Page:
I recently found a blog post from regular Chemistry World contributor Derek Lowe, highlighting an Early View Angewandte Chemie communication (doi: 10.1002/anie.201406886) in which the authors determined the crystal structures of two new polymorphs of the amino acid L-Phenylalanine. The paper also helps to clarify the relationship between several other Phenylalanine structures published over the last 20 years. Although Derek was surprised that determining the structure of a seemingly simple molecule had proved such a challenge for small-molecule crystallography, this type of challenge is not unusual. A notable example is the case of the two polymorphs of D-Ribose which evaded full determination for over 50 years (see ZZZFEE in the CSD from 1956!) until Jack Dunitz and co-workers published an article triumphantly exclaiming “The Crystal Structure of D-Ribose—At Last!” in 2010 (doi: 10.1002/anie.201001266).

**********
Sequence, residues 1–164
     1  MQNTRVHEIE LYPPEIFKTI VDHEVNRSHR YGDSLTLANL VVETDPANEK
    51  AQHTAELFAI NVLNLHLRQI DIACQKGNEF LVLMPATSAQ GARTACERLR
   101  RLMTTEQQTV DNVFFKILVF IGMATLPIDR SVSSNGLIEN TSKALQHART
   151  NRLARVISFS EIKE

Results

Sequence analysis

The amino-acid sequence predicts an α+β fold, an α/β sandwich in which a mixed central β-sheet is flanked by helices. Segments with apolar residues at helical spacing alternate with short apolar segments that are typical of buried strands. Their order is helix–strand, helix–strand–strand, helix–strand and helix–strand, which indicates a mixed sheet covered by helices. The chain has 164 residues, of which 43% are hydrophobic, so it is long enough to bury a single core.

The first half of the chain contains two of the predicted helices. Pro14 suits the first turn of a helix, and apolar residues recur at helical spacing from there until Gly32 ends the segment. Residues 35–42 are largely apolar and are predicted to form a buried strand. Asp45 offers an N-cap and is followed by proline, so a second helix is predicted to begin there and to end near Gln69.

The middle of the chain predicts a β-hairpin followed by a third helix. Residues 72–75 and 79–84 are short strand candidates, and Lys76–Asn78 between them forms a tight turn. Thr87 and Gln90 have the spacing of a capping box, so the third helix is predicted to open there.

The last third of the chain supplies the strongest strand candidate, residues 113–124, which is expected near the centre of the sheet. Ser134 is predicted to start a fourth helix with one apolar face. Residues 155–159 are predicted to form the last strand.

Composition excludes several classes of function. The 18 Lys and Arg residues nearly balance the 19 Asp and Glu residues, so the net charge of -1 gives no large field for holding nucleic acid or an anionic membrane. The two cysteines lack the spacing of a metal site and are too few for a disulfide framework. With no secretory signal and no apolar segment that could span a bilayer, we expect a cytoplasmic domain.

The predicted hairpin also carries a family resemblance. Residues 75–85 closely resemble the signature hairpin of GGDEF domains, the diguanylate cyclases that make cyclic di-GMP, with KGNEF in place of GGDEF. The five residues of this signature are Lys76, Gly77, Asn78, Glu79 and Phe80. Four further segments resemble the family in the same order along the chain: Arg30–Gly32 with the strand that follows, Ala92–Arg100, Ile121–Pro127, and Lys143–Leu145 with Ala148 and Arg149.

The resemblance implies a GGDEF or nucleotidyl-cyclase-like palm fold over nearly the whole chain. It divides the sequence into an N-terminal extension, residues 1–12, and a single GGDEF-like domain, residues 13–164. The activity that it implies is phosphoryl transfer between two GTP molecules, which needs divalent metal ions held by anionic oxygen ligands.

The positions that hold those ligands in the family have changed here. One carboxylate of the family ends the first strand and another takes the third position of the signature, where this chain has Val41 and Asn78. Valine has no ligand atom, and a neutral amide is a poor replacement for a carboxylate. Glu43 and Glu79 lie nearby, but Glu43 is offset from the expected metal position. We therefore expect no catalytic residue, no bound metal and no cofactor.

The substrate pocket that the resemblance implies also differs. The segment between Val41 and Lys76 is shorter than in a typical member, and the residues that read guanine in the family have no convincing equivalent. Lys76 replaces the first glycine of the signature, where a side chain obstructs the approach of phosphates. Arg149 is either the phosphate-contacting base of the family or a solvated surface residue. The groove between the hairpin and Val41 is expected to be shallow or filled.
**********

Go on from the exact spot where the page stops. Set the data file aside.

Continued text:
The challenges involved in obtaining good quality single crystals to determine a structure should not be underestimated. Prior to the findings of this latest paper, the Cambridge Structural Database (CSD) contained five determinations of the structure of L-Phenylalanine (QQQAUJ-QQQAUJ04), from four different groups of researchers, all proposing different polymorphic forms based on the crystal structure data that they obtained.